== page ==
On Tuesday, Gov. Roy Cooper and N.C. Department of Health and Human Services Secretary Dr. Mandy K. Cohen gave an update on the state’s current data, trends and vaccination progress as Wednesday also marks the opening of vaccine eligibility for Group 5.
This means anyone 16 years and older who wants a safe and effective COVID-19 vaccination is eligible to get one, according to a news release.
“We remain focused on getting people vaccinated as quickly and as equitably as possible and continuing to slow the spread of the virus,” said Cooper. “The more people we vaccinate, the more we can safely do.”
North Carolina continues to focus on distributing vaccines quickly and equitably. To date, the state has administered over 5.2 million doses. About 39% of those 18 and older are at least partially vaccinated, and 26% of those 18 and older have been fully vaccinated, according to the news release.
“These tested, safe and effective COVID-19 vaccines will help us get back in control of our lives and back to the people and places we love — like safely hugging a grandmother, traveling to see vaccinated family or friends, or having a potluck dinner with your vaccinated neighbors,” said Cohen.
In McDowell County, anyone 16 years or older can get appointments for the vaccine.
“Appointments for the COVID-19 vaccine for anyone 16 years of age and older are available this week,” said Emergency Services Deputy Director Adrienne Rivera-Jones on Tuesday.
First dose appointments in McDowell can be booked online by visiting http://www.myspot.nc.gov and searching for Grace Community Church or by calling the Vaccine Call Center at 828-803-4552. Homebound citizens who want the vaccine but are unable to reach the clinic at Grace Community Church are encouraged to contact the Vaccine Call Center for further assistance. In partnership with the Community Paramedic Program, homebound citizens can have the vaccine delivered and administered at their home.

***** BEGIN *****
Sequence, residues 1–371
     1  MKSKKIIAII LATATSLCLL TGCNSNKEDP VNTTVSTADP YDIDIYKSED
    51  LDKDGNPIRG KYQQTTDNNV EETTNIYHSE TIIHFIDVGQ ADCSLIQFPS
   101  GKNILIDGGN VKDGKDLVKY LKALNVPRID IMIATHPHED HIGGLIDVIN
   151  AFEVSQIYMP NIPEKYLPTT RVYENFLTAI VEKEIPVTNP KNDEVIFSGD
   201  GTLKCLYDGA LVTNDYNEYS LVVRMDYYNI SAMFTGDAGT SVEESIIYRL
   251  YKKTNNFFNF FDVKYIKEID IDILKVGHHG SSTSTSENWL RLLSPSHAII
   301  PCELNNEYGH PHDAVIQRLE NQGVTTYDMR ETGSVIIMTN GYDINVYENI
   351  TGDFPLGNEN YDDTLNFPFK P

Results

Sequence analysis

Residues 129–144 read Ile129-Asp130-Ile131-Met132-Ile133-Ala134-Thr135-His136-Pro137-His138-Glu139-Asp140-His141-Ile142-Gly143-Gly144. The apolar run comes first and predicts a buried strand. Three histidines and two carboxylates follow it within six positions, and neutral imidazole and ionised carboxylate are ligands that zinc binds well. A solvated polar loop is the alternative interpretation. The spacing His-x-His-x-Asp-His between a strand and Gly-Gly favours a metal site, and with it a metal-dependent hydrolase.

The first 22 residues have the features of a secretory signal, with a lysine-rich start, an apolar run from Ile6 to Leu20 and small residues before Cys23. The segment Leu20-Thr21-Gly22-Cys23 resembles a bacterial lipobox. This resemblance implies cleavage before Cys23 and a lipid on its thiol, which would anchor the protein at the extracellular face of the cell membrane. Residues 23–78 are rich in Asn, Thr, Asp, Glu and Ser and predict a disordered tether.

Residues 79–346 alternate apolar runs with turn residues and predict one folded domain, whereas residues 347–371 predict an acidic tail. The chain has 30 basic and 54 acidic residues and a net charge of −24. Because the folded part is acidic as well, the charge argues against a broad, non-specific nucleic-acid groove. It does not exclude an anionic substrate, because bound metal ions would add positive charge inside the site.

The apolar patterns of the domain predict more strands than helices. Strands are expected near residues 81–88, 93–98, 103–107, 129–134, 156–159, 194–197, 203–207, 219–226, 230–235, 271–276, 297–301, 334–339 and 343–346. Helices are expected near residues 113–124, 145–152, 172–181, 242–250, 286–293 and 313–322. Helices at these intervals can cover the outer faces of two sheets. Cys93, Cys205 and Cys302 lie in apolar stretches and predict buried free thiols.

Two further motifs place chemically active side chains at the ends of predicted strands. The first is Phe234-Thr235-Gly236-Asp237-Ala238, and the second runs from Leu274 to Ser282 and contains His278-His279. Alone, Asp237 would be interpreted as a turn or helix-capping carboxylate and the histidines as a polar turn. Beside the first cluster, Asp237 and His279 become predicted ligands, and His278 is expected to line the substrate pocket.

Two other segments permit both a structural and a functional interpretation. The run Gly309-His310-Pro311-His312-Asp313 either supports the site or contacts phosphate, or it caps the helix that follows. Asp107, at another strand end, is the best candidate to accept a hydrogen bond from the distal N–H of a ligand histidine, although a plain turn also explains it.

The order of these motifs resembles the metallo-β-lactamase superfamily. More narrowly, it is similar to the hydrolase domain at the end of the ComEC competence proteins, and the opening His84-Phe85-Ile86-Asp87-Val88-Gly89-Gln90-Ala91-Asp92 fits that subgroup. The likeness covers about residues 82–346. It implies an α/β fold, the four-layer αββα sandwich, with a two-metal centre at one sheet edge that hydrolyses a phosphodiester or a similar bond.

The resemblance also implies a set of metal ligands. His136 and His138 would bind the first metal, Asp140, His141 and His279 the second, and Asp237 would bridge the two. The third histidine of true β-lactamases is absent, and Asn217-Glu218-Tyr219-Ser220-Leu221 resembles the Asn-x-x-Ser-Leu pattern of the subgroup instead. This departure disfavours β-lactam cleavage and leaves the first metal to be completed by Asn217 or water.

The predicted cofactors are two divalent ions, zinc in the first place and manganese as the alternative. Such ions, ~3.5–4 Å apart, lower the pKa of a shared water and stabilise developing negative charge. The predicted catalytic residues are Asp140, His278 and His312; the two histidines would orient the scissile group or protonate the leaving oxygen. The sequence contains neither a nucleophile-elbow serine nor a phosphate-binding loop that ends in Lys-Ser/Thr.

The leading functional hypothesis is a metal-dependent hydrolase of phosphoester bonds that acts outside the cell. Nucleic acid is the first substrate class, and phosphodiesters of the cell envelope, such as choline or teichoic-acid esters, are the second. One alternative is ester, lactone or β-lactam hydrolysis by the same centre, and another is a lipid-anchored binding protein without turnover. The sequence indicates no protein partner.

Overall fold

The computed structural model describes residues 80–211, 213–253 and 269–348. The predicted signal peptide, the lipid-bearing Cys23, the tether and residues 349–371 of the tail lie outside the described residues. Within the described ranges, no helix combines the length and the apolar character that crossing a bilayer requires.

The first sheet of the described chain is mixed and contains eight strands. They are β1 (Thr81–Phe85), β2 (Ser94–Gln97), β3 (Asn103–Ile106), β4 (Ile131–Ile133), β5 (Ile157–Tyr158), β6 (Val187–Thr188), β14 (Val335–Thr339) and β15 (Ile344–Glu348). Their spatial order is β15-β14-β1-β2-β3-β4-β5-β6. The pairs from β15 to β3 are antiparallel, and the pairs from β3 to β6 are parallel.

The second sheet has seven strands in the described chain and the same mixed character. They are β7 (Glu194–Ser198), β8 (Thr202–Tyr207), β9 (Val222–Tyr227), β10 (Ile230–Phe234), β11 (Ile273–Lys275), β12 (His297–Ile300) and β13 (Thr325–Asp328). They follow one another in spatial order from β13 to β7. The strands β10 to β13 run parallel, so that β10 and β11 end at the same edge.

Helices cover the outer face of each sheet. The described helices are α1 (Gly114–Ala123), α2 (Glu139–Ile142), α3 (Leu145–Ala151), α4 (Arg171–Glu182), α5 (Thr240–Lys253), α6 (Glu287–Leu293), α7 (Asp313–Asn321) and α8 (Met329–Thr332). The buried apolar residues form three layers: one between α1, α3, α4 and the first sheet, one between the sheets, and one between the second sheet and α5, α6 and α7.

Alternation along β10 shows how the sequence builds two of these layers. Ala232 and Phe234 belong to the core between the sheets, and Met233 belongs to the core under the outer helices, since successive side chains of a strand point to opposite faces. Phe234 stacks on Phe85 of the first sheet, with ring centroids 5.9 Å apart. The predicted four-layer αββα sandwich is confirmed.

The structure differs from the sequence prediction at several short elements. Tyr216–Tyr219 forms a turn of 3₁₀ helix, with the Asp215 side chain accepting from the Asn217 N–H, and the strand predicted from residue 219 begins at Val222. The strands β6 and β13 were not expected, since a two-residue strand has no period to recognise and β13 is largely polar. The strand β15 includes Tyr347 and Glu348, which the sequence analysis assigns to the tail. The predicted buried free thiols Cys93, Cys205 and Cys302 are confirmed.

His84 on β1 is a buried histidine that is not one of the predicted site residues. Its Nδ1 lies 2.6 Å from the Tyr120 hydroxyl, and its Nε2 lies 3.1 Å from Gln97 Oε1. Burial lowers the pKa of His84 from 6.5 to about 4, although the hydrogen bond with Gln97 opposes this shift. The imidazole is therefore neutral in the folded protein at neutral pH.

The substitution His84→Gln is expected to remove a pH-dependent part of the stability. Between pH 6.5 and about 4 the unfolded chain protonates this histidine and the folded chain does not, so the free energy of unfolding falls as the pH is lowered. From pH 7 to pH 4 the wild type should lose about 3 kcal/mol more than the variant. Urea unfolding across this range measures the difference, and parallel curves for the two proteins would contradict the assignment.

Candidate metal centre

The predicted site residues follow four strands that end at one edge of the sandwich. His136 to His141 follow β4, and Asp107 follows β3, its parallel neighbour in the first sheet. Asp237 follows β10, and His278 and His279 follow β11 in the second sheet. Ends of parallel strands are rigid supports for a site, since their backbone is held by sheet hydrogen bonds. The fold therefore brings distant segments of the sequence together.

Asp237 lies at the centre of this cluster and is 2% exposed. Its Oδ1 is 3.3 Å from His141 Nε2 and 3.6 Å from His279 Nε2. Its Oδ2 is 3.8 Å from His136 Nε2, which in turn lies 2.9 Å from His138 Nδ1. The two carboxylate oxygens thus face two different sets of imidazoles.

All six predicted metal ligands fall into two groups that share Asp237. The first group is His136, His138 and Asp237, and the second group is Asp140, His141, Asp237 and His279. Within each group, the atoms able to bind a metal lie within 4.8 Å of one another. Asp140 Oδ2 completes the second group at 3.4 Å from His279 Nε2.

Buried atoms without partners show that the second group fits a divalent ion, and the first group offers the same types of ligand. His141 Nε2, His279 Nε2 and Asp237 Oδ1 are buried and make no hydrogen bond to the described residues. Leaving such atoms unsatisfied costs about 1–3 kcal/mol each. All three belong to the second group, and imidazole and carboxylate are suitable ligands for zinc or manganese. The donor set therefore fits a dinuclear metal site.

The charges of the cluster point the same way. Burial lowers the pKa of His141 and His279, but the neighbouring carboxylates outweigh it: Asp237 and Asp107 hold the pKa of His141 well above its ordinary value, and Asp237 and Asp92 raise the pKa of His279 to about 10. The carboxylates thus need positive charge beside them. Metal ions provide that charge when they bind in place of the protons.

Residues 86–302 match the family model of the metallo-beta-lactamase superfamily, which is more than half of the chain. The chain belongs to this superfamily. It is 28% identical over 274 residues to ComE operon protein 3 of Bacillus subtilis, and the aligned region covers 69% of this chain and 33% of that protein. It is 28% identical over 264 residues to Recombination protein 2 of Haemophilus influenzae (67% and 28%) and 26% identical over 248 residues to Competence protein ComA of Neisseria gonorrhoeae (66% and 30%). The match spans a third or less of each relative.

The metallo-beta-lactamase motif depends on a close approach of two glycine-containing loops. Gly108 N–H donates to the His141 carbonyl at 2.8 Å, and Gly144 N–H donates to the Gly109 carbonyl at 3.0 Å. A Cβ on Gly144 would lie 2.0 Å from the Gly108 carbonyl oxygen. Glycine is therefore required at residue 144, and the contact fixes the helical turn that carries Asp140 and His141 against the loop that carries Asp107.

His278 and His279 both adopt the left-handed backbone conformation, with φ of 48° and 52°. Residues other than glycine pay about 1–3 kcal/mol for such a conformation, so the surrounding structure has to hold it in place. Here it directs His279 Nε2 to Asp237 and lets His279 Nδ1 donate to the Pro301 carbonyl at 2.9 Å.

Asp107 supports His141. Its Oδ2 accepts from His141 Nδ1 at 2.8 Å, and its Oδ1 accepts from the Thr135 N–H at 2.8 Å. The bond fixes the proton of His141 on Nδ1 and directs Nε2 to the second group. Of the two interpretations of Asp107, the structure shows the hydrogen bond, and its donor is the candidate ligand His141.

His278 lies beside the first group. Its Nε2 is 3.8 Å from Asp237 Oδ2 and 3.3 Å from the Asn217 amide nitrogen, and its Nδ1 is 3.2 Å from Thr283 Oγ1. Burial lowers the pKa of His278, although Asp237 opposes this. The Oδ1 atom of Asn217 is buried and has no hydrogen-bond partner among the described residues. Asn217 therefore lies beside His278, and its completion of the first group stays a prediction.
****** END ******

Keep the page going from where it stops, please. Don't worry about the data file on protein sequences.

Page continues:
McDowell County vaccine doses administered:
First doses: 12,608
Second doses: 8,907
Total doses administered: 21,515
Also on Tuesday, the McDowell County Health Department reported that two additional McDowell residents have tested positive for COVID-19.
The latest report means McDowell has a total number of 4,909 positive cases. There have been 42,454 tests conducted, 37,535 negative results and 10 tests are pending results. At the time of Tuesday’s report, there were 39 people in quarantine, 4,793 out of quarantine and 77 deaths. McDowell County’s 14-day positivity rate is 6.9%, according to a news release.
Free COVID-19 testing:
McDowell County Health Department; Monday, April 12 from 8:30-10 a.m.
To view McDowell County’s COVID-19 Data Dashboard, go to http://www.mcdowellem.com/covid-19-information.html.
State health officials are continuing to monitor the presence of COVID-19 and its more contagious variants in North Carolina, which is why it is important to continue to follow the state’s mask mandate and practice safety precautions, including the Three Ws — wear a mask, wait 6 feet apart, and wash hands often, according to the news release.
Dr. Cohen also provided an update on North Carolina’s data and trends.
Trajectory in COVID-Like Illness (CLI) Surveillance Over 14 Days
North Carolina’s syndromic surveillance trend for COVID-like illness is decreasing.
Trajectory of Confirmed Cases Over 14 Days
North Carolina’s trajectory of cases is level.
Trajectory in Percent of Tests Returning Positive Over 14 Days
North Carolina’s trajectory in percent of tests returning positive is level.
Trajectory in Hospitalizations Over 14 Days